Germany is Europe’s biggest auto market, and it’s been one of the main drivers of EV growth. But now that is expected to change course, as EV sales are projected to drop – by 14% – for the first time in eight years.
Germany’s VDA, an interest group for the country’s automobile industry, says that battery-powered vehicles are likely to see a decline from 524,000 units last year – more than any other European market – to 451,000 units this year. Considering Germany is aiming to have 15 million BEVs on the road by 2030, that number is moving in the wrong direction.
It’s due to a number of factors – primarily because Germany pulled the plug on this EV subsidy program in December, a full year earlier than expected. Add nflation, rising car prices, and “sub-par charging infrastructure,” writes Automotive News Europe, into the mix, and it’s inevitable that sales will drop.
According to Automotive News Europe, manufacturers are pushing back rollouts of EVs, and rental firms are “paring purchases for their fleets.”
Still, even after the subsidy loss, automakers like Tesla, VW, Audi, Stellantis, and Mercedes-Benz have jumped in to compensate for it, at least for a little while.
Renault announced Monday its plan to delay the IPO of its EV startup Ampere, citing slow demand and difficult market conditions as the rationale. Bloomberg reported, too, that Volkswagen is doing the same with its EV business, with sources telling Bloomberg that VW is pushing back its IPO plans for its battery unit.
Still, the decline isn’t all that shocking: Germany’s passenger car market, VDA expects it to shrink by 1% to 2.82 million this year. But that’s part of a downward trend that has been happening since the pandemic, according to VDA.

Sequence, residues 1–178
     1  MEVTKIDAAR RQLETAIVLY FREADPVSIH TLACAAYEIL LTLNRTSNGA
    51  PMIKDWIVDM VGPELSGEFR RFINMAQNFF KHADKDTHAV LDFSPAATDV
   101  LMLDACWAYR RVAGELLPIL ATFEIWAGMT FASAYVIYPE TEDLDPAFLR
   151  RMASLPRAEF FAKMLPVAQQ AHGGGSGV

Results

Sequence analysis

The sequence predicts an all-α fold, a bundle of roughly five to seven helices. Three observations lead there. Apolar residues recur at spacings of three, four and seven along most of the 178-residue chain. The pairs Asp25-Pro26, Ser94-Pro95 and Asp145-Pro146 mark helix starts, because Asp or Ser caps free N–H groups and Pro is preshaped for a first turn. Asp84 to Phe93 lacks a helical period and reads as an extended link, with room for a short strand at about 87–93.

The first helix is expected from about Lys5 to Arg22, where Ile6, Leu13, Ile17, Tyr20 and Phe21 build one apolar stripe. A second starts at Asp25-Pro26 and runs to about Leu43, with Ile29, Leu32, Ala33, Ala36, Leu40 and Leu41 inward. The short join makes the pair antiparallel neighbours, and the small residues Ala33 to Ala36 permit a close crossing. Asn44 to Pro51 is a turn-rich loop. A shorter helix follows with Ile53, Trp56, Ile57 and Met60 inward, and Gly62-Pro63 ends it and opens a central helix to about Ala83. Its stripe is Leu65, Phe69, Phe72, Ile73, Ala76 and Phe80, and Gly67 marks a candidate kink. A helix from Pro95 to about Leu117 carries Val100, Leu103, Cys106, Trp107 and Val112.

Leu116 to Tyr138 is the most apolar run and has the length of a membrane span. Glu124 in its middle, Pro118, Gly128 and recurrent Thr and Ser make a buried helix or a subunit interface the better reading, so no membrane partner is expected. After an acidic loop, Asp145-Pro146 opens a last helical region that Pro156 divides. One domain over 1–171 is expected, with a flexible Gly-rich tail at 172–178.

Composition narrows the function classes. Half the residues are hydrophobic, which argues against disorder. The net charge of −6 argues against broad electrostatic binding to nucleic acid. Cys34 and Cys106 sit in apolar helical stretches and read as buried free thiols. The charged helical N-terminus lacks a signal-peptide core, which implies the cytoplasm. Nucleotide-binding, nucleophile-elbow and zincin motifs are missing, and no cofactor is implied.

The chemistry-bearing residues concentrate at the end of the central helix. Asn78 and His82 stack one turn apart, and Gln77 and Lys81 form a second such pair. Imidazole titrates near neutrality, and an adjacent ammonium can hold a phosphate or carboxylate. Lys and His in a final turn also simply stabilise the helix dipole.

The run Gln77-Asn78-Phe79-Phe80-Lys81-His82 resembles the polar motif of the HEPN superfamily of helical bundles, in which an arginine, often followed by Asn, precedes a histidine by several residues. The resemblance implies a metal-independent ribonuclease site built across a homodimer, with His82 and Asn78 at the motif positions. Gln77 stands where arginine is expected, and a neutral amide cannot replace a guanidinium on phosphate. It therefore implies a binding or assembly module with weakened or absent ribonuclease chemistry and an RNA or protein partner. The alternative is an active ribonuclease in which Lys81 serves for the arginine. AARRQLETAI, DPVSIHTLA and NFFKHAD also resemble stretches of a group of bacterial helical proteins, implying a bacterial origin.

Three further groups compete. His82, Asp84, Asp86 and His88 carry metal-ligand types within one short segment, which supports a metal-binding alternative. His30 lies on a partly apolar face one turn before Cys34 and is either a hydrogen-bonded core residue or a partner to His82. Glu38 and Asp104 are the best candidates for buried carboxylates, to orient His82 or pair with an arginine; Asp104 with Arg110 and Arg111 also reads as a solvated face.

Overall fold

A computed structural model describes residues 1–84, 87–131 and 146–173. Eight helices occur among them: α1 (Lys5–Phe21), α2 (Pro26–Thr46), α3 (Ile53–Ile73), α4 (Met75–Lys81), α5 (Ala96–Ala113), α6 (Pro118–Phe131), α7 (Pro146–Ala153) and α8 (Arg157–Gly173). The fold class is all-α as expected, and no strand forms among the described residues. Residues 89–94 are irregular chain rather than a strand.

According to VDA estimates, the global market should see a 2% growth to 77.4 million cars, compared to the 78.8 pre-pandemic. It forecasts the global market to grow by 2% to 77.4 million cars.
Germany is expected to produce 1.45 EVs this year, but much of that output will be exported, the report said. After China, Germany is the world’s second-largest passenger car BEV producer – but considering China produced 6.6 million BEVs in 2023 to Germany’s 1.2 million, that’s a pretty big gap. For comparison, the US produced 1.1 million EVs last year, according to data from VDA and S&P Global Mobility.
The caveat here, too, is that VDA is a lobbyist group for German automakers, powered by stalwarts BMW, Volkswagen, and Mercedes, which are in a tight position as they struggle to adapt to EVs and keep pace with China’s BYD and Tesla. Plus Porsche’s CFO Lutz Meschke said that Europe may push back its 2035 ban on ICE vehicles due to slowing EV demand – so that’s not comforting news of what might be brewing.
Jobs – the good-paying kind with benefits and protections – are on the line too: Volkswagen said it would cut thousands of jobs in Germany to slash $11 billion in costs, and German EV suppliers are cutting jobs, with one of the country’s largest suppliers saying it might slash 20% of its workforce due to low demand.
But peaks and valleys are par for the course in the auto industry, and EVs certainly aren’t immune to this. Still, European automakers are drumming up new models to stay in the game. For its part, BMW says it is now investing $711 million (€650 million) to convert its main factory in Munich to exclusively produce electric vehicles by the end of 2027, in hopes of pushing its next-gen Neue Klasse EVs forward. The automaker says it hit its target of 15% share of battery-electric vehicles – and expects to sell half a million BEVs in 2024.
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